John Maitland (1616-1682), second Earl and first and last Duke of Lauderdale, began as a Covenanter but soon became one of the most devoted supporters of the Stuart monarchs. In 1647 he tried to rescue Charles I from captivity. He was with the young Charles II at Worcester Fight in 1651, after which he was imprisoned in the Tower of London. When he reported his release to the King in March 1660 Charles II replied from Brussels in the friendliest possible terms:

"… You will easily believe that I am very glad that you are at liberty, and in the place where you can do me most service, by disposing your friends to that temper and sobriety, which must be a principal ingredient to that happiness, we all pray for. I am confident you have the same opinions and judgement you had when we parted. I am sure I have, and the same kindness for you….. I hope we shall shortly meet, and then you will meet with all the kindness you can wish from
Your most affectionate friend, CHARLES R"

The scars of Cromwell’s arbitrary and alien rule of Scotland ran deep. Lauderdale was recommended to the Scots lords by one of the King’s go-betweens as the man best placed to make sure that Scottish interests would not be forgotten in the negotiations between the English and Charles II for the King’s restoration:

"...Otherwise our country may lie in perpetual oblivion ... for he being so well known to all these in power now who once had high enough esteem for Scotland, he is the fittest man to put them in mind of their former principles and to tell them that if they intend to keep us still as a conquered nation, they or their posterity may find the trouble of holding it so...."

Upon the Restoration Lauderdale was appointed sole Secretary of State for Scotland. Until a stroke compelled his resignation in 1680 he held Scotland in an iron grip, facing down both political opposition and organised rebellion. He saw his role as being to enforce the King’s wishes, even when he was not entirely in agreement with them, as with the Act of Supremacy and abortive plans for a union between Scotland and England. He wrote to the King in 1669, “…. Never was King so absolute as you are in poor old Scotland.” The occasional touches of humour in his letters reveal an instinctive understanding between the two men. The King, for his part, read Lauderdale’s reports attentively. He often commended him for his work and backed him unfailingly against his enemies.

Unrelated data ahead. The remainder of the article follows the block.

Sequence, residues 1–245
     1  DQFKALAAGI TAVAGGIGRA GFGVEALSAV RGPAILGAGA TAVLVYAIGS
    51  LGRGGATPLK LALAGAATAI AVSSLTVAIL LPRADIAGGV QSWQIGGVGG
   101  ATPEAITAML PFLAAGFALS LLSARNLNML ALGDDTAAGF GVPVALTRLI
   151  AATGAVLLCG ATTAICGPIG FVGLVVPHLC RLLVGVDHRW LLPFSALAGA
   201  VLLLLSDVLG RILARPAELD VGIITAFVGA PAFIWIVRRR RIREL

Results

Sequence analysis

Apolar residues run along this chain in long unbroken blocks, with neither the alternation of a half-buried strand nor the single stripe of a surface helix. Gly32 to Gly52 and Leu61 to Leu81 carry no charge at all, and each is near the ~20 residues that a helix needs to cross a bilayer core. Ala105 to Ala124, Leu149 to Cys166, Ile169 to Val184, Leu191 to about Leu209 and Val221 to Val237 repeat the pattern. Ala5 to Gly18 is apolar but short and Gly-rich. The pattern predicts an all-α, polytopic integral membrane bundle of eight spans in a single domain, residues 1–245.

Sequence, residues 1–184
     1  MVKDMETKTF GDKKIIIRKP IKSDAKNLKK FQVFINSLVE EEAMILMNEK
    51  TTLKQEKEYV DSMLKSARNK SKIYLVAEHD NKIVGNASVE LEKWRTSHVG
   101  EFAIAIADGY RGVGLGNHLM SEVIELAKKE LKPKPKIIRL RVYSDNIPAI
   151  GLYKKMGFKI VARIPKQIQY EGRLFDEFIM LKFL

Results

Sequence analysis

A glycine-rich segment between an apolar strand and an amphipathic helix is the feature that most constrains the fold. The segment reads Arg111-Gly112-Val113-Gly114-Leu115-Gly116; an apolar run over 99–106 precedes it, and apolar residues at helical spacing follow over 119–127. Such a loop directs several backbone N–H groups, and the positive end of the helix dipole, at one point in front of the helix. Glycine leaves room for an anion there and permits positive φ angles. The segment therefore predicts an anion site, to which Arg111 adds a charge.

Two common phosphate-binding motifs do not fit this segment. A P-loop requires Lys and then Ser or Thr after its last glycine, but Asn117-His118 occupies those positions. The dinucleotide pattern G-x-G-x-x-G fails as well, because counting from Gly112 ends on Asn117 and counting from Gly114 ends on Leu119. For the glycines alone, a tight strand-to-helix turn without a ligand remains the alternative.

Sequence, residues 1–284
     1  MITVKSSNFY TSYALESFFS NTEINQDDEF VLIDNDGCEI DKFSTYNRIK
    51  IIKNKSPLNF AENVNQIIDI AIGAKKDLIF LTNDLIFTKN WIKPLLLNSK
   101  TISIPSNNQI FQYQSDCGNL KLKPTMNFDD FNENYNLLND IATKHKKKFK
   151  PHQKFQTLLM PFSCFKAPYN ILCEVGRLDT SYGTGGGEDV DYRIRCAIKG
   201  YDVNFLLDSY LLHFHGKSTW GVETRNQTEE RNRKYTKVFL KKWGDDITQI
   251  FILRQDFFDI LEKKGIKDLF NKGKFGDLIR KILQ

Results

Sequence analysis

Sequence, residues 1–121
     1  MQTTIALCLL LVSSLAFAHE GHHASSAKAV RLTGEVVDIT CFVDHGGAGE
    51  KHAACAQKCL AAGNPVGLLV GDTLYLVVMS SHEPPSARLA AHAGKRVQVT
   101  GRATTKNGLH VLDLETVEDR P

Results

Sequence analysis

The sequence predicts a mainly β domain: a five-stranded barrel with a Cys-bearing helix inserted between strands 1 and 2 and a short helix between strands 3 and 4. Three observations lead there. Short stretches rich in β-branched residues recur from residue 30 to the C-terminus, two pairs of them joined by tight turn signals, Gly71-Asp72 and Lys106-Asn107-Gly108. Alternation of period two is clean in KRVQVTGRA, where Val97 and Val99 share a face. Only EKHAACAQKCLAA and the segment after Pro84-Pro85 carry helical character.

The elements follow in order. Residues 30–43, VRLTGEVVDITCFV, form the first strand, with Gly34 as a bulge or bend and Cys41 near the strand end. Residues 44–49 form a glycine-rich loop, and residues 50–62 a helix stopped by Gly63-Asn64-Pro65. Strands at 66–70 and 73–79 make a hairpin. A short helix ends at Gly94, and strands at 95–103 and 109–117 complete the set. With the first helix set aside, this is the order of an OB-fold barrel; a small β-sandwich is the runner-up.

Lauderdale was keen to keep Scottish affairs out of English control. This suited the King. A strong Royal prerogative in Scotland, combined with a Scottish militia under the King’s command, helped to keep the English opposition in check. When the English opposition tried to make common cause with like-minded Scots in 1678, Charles II shrewdly observed,

"...It is a foolish thing for Scotsmen to complain or make work here, or to endeavour a rebellion in Scotland, for if it should begin there, and afterwards come to England, and that England should turn Commonwealth, Scotland would be a province next summer after... They would not like that well."

At 6 pm on 8 May 1678 the opposition MPs in the English House of Commons sprang a parliamentary trap by proposing a draft address requesting the King to remove Lauderdale from his councils and presence for having given “pernicious counsels to the King, dishonourable and destructive to the nation”. During an impassioned debate enough supporters were whipped to the House from nearby taverns and eating houses to give Lauderdale a majority of one. (Some things in politics never change.) Lessons were learned. “To prevent the like inconveniences for the future, the King, the Duke and my Lord Treasurer have sent or spoke to all their friends and servants, to be sure that they give constant attendance every day that the House sits, till it rises again.”

Lauderdale kept up a similarly close relationship with the King’s brother and successor, James, Duke of York, whose letters show that he was not always confident of the King’s firmness of purpose. James’s sojourns in Edinburgh as High Commissioner to the Scottish Parliament towards the end of Charles II’s reign won him much respect for his qualities as an administrator, and the return of Court life to Holyrood House was generally welcomed. In 1679 Lauderdale advised James to swear the Oath of Allegiance before taking his seat in the Privy Council. This James refused to do, no doubt because of the religious implications of the oath. He wrote somewhat imperiously that he was “very surprised” by Lauderdale’s advice, but that nevertheless he remained a “hearty friend”. James never did take the oath, but all went smoothly. He thanked Lauderdale for standing by him, and also for his entertainment at Lethington on the way to Edinburgh.

Even after Lauderdale’s retirement James, on 23 June 1681, asked for his advice on managing the Scottish Parliament. Lauderdale gave him some practical tips. On aspects where he had no personal experience he advised James to get the lawyers to draft a paper for the new Scottish Secretary to lay before the King, and Lauderdale would take care to be present when it was discussed. Lauderdale died on 24 August 1682. He had remained in loyal harness to the Stuarts until the end.